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Left-hander Johan Santana expressed uncertainty on Friday afternoon about when he would be able to contribute to the 2011 edition of the New York Mets.
And given the Mets may be operating on an austerity budget this winter -- continuing a youth movement prompted by overspending -- the absence of Santana, or a diminished Santana, threatens to make next season all that more perilous.
"I don't know. I don't really know," Santana said about the timeline for his return during a news conference to discuss what has been diagnosed as a tear of the anterior capsule of his left shoulder, which will require surgery. "This is something that I was told is going to take time. I just have to wait and see. I think the most important thing is to be ready to be 100 percent whether it's April, whether it's May, July, October. Who knows? Time will tell."
Santana, who plans to seek a second opinion from Dr. James Andrews, indicated he hopes to begin tossing a baseball in January. He likened the injury and upcoming surgery to the procedure Yankees catcher Jorge Posada required for a comparable issue.
Based on his briefing from doctors, Santana described it as an uncommon injury in baseball, but suggested players generally return at 100 percent. Kelvim Escobar, a fellow Venezuelan and friend of Santana's who shares the same agent, recently underwent the procedure, too.
"This is not a labrum or a rotator cuff. It's something different," Santana said, downplaying the severity.
Next season already figured to be a transition year for the Mets. The organization has roughly $130 million in payroll commitments for next season before bringing in any new players. So 2011 figured to be spent waiting for the contracts of Carlos Beltran, Oliver Perez, Luis Castillo and Francisco Rodriguez to expire -- no matter what uniform those players are wearing next season.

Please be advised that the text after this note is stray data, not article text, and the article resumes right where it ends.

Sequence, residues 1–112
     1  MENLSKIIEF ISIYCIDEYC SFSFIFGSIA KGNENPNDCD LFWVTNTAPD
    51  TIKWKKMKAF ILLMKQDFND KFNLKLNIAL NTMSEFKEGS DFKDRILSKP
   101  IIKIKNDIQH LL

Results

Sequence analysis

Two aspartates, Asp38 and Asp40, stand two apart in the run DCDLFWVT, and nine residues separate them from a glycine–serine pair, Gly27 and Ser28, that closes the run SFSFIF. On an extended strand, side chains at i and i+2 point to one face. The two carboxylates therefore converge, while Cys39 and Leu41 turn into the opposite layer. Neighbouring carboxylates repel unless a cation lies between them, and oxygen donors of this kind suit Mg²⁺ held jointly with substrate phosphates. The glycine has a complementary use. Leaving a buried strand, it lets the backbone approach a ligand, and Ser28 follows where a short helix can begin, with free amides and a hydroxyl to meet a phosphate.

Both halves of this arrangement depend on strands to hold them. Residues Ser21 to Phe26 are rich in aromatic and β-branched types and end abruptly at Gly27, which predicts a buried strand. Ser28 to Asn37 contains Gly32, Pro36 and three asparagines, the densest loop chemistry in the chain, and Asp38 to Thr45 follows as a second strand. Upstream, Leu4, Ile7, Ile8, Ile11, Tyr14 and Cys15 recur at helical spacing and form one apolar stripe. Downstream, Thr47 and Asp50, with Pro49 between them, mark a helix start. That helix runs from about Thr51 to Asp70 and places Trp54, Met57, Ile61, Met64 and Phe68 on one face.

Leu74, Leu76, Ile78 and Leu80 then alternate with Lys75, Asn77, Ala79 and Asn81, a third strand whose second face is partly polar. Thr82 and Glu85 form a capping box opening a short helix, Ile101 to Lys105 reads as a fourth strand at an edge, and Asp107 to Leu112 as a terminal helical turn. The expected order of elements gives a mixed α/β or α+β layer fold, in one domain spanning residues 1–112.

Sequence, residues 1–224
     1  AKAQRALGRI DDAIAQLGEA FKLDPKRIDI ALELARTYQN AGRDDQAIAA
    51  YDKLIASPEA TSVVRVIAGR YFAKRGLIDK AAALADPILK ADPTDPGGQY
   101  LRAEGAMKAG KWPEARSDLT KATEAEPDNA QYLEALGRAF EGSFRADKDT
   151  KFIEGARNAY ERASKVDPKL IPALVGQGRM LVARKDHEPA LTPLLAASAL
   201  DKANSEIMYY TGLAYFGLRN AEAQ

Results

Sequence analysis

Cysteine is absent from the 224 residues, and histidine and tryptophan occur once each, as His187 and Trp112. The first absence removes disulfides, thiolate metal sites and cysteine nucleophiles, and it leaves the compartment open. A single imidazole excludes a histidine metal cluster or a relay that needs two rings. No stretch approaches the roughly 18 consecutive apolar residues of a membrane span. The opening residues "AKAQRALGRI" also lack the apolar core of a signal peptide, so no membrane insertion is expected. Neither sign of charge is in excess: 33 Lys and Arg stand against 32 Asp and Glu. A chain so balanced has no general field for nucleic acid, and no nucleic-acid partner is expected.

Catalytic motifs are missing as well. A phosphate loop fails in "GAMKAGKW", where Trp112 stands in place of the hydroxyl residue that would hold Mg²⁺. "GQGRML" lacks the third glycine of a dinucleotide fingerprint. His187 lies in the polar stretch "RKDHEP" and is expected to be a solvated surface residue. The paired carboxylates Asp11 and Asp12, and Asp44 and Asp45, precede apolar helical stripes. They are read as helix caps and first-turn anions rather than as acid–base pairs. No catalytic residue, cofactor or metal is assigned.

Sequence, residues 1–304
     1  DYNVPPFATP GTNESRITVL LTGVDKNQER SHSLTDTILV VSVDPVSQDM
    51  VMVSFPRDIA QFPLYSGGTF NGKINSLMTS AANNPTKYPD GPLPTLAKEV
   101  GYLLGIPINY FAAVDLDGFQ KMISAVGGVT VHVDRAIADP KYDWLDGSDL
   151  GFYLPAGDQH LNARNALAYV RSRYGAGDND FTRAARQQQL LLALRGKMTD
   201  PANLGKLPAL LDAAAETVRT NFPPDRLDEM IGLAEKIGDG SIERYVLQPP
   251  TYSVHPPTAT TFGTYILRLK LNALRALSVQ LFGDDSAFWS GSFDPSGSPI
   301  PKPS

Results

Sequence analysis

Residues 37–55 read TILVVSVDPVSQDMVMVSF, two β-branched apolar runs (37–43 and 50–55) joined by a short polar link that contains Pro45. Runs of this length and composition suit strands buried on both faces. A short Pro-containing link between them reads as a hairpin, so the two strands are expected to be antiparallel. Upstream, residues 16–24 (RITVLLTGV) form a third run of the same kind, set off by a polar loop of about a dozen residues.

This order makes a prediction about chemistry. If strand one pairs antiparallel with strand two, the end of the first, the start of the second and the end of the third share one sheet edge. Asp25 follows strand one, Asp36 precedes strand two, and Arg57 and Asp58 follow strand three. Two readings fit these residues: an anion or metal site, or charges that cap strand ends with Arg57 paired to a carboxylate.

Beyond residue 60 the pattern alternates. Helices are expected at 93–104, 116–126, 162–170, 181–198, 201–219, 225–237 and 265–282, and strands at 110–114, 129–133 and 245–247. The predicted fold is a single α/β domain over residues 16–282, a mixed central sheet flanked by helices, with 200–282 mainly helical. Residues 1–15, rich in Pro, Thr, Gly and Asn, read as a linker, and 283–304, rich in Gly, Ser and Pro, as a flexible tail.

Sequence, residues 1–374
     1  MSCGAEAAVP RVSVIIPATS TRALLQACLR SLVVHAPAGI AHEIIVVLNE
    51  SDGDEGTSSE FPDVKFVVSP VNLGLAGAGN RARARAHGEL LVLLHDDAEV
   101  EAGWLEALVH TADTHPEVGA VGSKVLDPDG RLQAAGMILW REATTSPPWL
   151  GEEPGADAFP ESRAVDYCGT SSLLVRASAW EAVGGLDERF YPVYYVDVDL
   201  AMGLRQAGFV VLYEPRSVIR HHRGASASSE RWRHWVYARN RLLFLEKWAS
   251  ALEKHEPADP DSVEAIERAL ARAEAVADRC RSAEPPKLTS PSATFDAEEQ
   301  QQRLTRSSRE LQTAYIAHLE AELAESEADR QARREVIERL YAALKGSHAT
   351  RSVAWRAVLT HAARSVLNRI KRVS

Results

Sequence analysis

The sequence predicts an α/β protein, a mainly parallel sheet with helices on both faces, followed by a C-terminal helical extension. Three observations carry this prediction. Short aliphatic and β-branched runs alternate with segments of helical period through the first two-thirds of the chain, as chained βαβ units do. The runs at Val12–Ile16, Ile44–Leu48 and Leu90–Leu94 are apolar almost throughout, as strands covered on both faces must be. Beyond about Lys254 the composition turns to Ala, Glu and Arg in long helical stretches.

A rotation of Santana, Mike Pelfrey, Jon Niese, R.A. Dickey and Jenrry Mejia is one thing. Subtracting Santana for any length of time -- unless the Mets are going to spend aggressively this winter on the likes of Cliff Lee, which was not the intended plan -- makes next season potentially a lost cause before it begins.
Right-hander Dillon Gee will fill in for the time being in the rotation, but the Mets also must monitor the rookie closely because he's returning this season from a labrum tear that was rehabbed rather than surgically repaired.
It is likely general manager Omar Minaya will be reassigned before any winter roster tinkering begins. On Friday, Minaya was asked how the uncertainty about Santana's 2011 availability affects the team's winter strategy.
"When you don't have a guy like Johan Santana in your rotation, those kind of guys don't come around," Minaya said. "Whether it's through trade or free agency, you have to look at replacing him. Hopefully he'll be back earlier rather than later. ... It's going to be something I did not expect to fill."
Santana did not second-guess the Mets' handling of the situation, even though the wrong injury -- a pectoral strain -- originally was announced.
In his final outing, the left-hander was pulled after the fifth inning in Atlanta, complaining of tightness in the area near his armpit. Santana indicated he wanted to continue, but the coaching staff insisted he be removed as a precaution.
While the Mets announced it was a pectoral muscle strain, pitching coach Dan Warthen mentioned the shoulder, leading to the speculation the Mets were masking something more serious. Yet the fact that Santana was allowed to get on a mound three days later to test the injury at Wrigley Field with a light bullpen session suggests the Mets, too, were caught off-guard by the severity of the injury.
It will mark the third straight year Santana will have surgery near or at the end of a season. He came back fine from the previous procedures, although shoulder surgeries are more grave than his 2008 surgery for torn meniscus cartilage in the knee or last year's cleanout of his left elbow.
"I didn't know the magnitude of the injury that I had," Santana said. "Compared to what I had in the past, it's not even close. Now to get back here and be seen by the doctor and find out it's more than what I thought is surprising."
Adam Rubin covers the Mets for ESPNNewYork.com. You can follow him on Twitter.
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